Friday, December 3, 2010

Court of Fools: Episode 3

Episode 3: Felix Montes-Rodriguez v. People of the State of CO

Colorado Supreme Court
Year: 2010
Majority: Michael L. Bender
Joined by: Gregory J. Hobbs, Jr.
                Mary Mullarkey
                Alex J. Martinez
Dissent: Nathan B. Coats
Joined by: Nancy E. Rice
                Allison Eid

This case came about when Felix Montes-Rodriguez applied for a vehicle loan using his name and address, but a social security number belonging to someone else. He was originally convicted under Colorado's criminal impersonation statute and the case was appealed, eventually reaching the state's supreme court.

The conviction was overturned because the court held that Montes-Rodriguez did not "assume a false or fictitious identity or capacity". The court goes on to say, "we hold that one assumes a false or fictitious capacity in violation of the statute when he or she assumes a false legal qualification, power, fitness, or role," and that "the prosecution failed to present evidence that a social security number gives one the legal qualification, fitness, or power to receive a loan." Essentially their argument is that the SSN was required by the bank and not the law in order to receive the loan. This is utterly ridiculous. Not every qualification, power, fitness or role is issued by or required by the government. The bank might also require that you show proof of continuous employment. If you submit a resume belonging to someone else, is that not assuming a false role? Apparently not in Colorado since the government doesn't require employment verification for a loan.

This is an extremely bad decision in that it limits the ways in which identity theft and impersonation can be prosecuted. Now as long as someone uses their own name and address, they can steal whatever other information they need to get what they want.

~ Another Guy

Wednesday, December 1, 2010

The Case for a National Sales Tax: Part 4


While I do not particularly like the name, Fairtax does indeed have some elements that improve the "fairness" of the tax system. One of the best benefits is that everybody pays, at least anybody that buys stuff. Illegal immigrants, average working stiffs and the super rich all have to pay the sales tax. It doesn't matter how much money you have to blow on expert accountants, everyone will have the same understanding of the tax code. There won't be constant hunting for tax-advantaged investments or savings accounts, because making and saving money isn't taxed anymore, just spending that money.

Tax-advantages are probably one of the most "unfair" parts of the current tax system. Lobbyists petition congress to create special exemptions or alterations for specific industries or causes. Thus you get situations where some businesses must pay more in taxes because they don't have the lobbying assets that other businesses do. A national sales tax removes some of that influence. Obviously congress will still be influenced to spend money in the interest of special groups, but those bills are harder to pass than simply modifying a few sentences in thousands of pages of tax law. This may actually be one of the biggest hurdles to implementing such a plan, congress is never very willing to give up control of anything, let alone the collection of money that they love to spend.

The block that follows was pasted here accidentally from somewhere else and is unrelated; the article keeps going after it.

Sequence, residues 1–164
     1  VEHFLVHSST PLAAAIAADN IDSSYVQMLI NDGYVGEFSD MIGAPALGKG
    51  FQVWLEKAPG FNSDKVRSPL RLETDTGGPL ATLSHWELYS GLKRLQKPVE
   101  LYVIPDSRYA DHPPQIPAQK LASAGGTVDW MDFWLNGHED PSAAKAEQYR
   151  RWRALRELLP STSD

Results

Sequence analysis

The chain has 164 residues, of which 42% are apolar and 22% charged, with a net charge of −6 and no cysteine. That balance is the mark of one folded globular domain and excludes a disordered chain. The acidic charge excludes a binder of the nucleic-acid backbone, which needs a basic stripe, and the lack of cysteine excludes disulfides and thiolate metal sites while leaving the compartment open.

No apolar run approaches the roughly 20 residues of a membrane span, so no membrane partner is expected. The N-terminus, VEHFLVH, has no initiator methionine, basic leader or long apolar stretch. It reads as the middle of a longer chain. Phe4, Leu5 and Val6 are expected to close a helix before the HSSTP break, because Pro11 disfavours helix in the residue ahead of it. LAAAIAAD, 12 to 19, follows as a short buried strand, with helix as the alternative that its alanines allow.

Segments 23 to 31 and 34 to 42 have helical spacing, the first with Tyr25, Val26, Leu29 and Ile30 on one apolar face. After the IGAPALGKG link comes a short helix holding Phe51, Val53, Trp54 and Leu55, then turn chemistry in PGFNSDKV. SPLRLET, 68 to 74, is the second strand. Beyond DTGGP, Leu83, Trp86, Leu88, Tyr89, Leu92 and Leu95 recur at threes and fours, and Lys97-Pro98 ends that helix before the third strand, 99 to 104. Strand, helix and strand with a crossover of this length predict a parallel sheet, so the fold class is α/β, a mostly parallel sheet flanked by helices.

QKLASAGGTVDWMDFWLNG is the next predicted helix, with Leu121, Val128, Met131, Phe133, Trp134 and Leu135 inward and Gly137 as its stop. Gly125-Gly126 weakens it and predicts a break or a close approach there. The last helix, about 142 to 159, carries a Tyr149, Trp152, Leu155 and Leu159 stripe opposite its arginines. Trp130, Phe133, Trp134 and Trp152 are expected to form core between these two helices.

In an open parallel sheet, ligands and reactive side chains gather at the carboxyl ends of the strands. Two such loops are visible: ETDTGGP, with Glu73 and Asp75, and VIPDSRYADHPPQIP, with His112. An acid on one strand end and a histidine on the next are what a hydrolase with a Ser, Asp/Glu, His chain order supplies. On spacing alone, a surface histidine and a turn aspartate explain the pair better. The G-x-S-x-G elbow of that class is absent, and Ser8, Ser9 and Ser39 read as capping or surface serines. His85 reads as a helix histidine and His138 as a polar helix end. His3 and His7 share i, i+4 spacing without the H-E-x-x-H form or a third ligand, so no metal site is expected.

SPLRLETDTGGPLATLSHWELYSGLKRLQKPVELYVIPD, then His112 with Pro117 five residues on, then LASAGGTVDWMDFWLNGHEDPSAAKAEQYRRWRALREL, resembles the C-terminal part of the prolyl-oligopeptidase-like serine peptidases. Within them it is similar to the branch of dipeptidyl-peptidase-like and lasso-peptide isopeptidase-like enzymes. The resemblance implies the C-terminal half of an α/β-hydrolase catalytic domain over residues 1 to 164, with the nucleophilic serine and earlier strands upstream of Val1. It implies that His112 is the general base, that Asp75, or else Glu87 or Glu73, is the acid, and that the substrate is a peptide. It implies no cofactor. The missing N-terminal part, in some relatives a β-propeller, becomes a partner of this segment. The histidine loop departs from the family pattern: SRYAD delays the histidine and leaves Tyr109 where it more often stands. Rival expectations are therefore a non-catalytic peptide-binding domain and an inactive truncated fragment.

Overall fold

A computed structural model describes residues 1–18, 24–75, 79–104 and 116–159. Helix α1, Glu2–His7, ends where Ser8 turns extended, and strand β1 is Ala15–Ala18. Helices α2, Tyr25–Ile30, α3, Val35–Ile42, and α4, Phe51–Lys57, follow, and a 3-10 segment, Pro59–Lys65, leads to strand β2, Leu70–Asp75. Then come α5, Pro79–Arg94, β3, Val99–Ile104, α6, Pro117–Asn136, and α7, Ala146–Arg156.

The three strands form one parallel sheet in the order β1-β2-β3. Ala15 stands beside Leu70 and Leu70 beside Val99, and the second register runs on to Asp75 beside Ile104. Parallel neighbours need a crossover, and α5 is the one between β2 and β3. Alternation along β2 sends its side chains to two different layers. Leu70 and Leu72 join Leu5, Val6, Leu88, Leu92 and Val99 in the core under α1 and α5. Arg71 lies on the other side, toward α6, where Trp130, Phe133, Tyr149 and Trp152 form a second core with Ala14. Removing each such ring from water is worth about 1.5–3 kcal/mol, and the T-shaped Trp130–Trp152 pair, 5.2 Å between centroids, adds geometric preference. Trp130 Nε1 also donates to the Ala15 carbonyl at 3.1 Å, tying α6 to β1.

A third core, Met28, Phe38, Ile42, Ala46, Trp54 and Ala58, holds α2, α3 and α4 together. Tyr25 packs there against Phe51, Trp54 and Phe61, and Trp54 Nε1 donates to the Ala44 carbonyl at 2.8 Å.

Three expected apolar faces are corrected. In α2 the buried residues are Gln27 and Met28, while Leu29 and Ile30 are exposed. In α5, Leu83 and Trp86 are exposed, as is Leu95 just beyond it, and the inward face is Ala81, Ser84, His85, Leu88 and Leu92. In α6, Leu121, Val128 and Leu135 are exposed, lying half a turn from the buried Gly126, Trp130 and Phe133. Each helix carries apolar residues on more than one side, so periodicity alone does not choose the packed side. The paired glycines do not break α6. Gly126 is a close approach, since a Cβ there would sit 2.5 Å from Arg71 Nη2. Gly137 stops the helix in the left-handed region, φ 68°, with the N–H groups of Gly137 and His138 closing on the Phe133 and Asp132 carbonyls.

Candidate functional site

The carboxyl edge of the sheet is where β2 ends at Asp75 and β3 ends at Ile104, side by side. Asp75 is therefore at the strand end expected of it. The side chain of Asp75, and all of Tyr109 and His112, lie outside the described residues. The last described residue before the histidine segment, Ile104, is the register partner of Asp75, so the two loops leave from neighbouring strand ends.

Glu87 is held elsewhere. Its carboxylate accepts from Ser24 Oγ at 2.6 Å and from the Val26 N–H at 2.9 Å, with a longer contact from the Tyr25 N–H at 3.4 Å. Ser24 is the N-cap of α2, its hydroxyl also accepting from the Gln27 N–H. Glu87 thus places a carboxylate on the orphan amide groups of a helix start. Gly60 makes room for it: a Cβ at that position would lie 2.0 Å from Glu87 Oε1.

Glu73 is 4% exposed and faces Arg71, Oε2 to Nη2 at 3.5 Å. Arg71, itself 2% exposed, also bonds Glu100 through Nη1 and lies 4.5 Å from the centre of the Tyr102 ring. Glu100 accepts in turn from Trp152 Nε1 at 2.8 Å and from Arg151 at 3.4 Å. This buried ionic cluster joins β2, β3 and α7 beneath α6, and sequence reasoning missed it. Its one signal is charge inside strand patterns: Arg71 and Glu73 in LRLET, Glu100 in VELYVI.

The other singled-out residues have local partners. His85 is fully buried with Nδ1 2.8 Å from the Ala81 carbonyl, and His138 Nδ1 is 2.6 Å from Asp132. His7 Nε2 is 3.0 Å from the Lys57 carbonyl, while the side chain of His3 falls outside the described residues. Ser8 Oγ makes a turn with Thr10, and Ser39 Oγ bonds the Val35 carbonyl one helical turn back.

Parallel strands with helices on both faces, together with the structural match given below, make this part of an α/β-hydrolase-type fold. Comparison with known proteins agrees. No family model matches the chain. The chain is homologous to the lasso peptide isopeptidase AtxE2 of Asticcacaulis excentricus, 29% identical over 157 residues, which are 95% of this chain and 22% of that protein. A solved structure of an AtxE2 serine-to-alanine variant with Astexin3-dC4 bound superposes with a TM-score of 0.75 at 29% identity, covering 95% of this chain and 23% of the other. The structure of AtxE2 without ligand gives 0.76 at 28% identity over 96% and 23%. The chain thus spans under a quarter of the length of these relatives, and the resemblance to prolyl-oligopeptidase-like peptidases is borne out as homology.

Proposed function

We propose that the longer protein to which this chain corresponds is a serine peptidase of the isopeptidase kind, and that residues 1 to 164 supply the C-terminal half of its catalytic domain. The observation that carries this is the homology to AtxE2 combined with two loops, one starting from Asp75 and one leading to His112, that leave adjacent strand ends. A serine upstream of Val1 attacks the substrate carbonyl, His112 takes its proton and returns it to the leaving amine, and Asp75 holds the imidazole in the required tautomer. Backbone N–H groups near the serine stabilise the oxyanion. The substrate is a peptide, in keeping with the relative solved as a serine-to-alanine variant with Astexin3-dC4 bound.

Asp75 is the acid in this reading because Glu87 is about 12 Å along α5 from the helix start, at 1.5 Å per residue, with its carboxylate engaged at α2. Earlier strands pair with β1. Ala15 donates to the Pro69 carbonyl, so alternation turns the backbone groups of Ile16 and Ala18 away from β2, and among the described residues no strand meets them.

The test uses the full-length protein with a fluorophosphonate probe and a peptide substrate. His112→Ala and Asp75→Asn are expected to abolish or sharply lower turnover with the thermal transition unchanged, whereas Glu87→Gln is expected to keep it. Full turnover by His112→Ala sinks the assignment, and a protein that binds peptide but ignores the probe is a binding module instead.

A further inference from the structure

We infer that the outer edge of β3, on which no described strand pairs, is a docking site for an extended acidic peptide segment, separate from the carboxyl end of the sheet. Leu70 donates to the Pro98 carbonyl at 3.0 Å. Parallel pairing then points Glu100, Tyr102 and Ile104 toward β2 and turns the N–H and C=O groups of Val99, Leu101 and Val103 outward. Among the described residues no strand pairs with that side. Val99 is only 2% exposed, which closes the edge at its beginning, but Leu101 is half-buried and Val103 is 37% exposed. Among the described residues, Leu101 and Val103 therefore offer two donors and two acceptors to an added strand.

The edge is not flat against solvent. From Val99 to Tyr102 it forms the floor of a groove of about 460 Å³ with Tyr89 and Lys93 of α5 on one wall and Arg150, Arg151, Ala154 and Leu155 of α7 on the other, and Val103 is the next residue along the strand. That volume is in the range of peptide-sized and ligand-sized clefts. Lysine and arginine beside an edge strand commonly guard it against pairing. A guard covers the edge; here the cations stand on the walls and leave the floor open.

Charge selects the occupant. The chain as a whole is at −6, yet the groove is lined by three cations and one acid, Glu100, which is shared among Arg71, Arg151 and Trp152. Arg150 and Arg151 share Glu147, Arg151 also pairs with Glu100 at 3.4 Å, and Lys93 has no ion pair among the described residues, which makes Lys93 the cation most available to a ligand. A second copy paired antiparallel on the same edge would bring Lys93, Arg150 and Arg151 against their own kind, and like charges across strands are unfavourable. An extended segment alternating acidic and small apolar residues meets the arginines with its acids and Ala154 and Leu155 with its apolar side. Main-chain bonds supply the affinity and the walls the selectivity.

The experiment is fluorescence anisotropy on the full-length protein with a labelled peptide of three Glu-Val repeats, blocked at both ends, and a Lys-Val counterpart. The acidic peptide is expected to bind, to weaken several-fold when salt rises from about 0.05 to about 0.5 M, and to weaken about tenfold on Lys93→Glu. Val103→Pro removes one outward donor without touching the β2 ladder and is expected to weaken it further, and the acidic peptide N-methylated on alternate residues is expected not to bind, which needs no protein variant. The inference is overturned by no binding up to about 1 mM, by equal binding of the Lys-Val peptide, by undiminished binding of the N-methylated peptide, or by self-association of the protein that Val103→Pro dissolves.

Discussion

This would also force more transparency from congress. Any adjustments to the tax rate would affect everyone, not just certain segments of the population. As can be seen in the current tax discussion, there is often a desire to raise taxes on the rich as they are a small minority and not always viewed in the best light. Everyone else is more likely to go along with it because their taxes remain unchanged. With a sales tax, everyone will feel it and everyone will know exactly how much everyone else pays. No more tables or brackets, if taxes go up 1%, everyone knows that they will now pay 1% more. Even those under the poverty threshold will still be cognizant of the situation because even though all of their taxes are refunded, they still have to pay them upfront. Hopefully this would lead to more scrutiny of government spending, as everyone would see a direct benefit if spending was lowered enough to reduce the tax rate that everyone would see at the register. Of course, at this point government spending is entirely divorced from tax revenue, so congress would probably just lower the tax rate and increase the rate of the money printer.

This concludes my posts on a national sales tax. There are obviously some things that would still need to be ironed out, but I hope I have at least made the point that this is something worth seriously looking into.

~ Another Guy

Monday, November 22, 2010

The Case for a National Sales Tax: Part 3

Potential Economic Benefits